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CS 182: Foundations of Computer Science


CS 18000 (Problem Solving and Object-Oriented Programming)

Detailed Syllabus:

  1. Logic and Proofs: Propositional equivalences, predicates, quantifiers. Introduction to proofs.

  2. Sets, functions, relations, sequences and summations. Sets (finite, countable, uncountable, operations). Functions (properties, special classes). Relations (binary relations, composition, closure, equivalence relations). Sequences and sums. Uses and applications in computer science.

  3. Number representations. Number systems and representation of numbers. Floating point numbers and directed rounding. Arithmetic operations. Precision versus accuracy.

  4. Counting. Basics of Counting. Pigeon-hole principle. Permutations and combinations.

  5. Analysis of algorithm fundamentals. Growth and complexity of functions. Big-O notation and manipulations. Analyzing performance of algorithms.

  6. Graphs and trees. Basic properties of trees, directed, and undirected graphs. Traversal strategies for trees and graphs. Modeling problems using graphs and trees.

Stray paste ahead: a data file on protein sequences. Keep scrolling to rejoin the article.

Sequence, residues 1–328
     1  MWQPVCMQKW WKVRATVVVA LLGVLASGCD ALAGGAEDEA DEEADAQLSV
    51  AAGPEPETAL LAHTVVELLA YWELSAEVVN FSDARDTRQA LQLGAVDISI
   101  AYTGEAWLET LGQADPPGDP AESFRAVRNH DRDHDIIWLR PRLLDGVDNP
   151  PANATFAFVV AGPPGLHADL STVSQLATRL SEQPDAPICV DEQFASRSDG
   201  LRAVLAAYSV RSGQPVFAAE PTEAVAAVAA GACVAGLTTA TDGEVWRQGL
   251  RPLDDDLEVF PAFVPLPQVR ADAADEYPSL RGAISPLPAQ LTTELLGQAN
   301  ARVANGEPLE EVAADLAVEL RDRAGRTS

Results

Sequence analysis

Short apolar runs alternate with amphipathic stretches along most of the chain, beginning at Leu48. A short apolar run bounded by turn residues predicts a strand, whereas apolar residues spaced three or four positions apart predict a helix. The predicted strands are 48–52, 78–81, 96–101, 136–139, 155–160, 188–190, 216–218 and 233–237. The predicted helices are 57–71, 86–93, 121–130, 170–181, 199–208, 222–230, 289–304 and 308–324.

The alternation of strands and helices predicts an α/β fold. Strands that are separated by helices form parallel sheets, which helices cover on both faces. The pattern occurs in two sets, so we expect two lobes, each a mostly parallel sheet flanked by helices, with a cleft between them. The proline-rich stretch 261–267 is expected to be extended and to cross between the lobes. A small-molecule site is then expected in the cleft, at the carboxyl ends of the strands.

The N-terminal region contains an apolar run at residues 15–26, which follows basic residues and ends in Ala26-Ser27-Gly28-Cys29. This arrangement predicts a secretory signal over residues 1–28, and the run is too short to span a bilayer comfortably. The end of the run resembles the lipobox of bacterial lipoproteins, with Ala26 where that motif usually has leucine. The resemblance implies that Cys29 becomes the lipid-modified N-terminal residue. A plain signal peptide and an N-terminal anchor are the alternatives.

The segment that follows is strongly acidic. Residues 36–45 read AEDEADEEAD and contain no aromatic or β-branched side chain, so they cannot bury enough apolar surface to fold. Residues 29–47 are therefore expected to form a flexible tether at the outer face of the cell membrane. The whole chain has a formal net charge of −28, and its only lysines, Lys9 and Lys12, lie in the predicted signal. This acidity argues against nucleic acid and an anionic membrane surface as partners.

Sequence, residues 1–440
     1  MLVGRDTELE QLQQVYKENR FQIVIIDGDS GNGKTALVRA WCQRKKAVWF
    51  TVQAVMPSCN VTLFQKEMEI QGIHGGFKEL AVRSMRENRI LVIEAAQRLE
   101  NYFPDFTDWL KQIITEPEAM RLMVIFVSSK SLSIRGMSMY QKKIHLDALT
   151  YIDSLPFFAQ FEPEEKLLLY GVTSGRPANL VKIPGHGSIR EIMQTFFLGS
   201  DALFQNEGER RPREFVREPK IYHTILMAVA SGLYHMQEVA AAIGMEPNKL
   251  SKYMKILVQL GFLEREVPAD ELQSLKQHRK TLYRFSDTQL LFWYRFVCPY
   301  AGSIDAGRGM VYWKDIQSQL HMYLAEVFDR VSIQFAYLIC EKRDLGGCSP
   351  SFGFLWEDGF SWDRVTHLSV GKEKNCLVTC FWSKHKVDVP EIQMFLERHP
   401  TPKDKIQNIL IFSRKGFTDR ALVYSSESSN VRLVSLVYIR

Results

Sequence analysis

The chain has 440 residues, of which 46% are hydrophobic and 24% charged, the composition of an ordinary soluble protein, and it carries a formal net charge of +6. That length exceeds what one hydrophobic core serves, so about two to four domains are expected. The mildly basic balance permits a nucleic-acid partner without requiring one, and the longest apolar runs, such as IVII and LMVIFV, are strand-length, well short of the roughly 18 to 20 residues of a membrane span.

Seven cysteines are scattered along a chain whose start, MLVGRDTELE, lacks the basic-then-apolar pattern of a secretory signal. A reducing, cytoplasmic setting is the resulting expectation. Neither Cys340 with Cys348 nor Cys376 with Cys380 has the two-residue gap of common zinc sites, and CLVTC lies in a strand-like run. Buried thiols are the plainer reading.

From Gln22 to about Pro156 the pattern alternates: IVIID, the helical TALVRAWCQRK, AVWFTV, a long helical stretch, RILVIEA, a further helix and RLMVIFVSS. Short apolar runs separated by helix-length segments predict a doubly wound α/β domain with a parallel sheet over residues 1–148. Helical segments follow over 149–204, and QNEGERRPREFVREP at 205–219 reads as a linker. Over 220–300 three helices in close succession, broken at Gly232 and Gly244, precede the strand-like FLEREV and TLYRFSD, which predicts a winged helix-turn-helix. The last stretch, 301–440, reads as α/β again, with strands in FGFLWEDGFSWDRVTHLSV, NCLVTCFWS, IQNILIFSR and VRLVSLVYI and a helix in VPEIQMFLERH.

7. Proof techniques. Proofs by contradiction, construction, and diagonalization. Include proofs related to properties of trees. Mathematical and structural induction.

  8. Recursion. Recursive definitions. Recurrence relations. Recursive programs: design and implementation. Pitfalls of recursion.

  9. Basic Number Theory, RSA Public Key Cryptosystems.

  10. Basic probability.

  11. Boolean Logic. Boolean logic and algebraic properties of Boolean functions. Logic circuits. Minimization of logic expressions.

  12. Finite state machines. Equivalence of regular languages and regular expressions. State minimization. Closure properties. Nondeterministic machines. Applications and uses in Computer Science.

  13. Pushdown automata. Languages and strings. Informal description of a PDA. Context-free languages. Introduction to parsing.

  14. Computability and undecidability. Limits of computation, Turing machines, Church-Turing thesis, Classes P and NP, Undecidability (Halting problem).

Last Updated: Apr 25, 2017 4:35 PM

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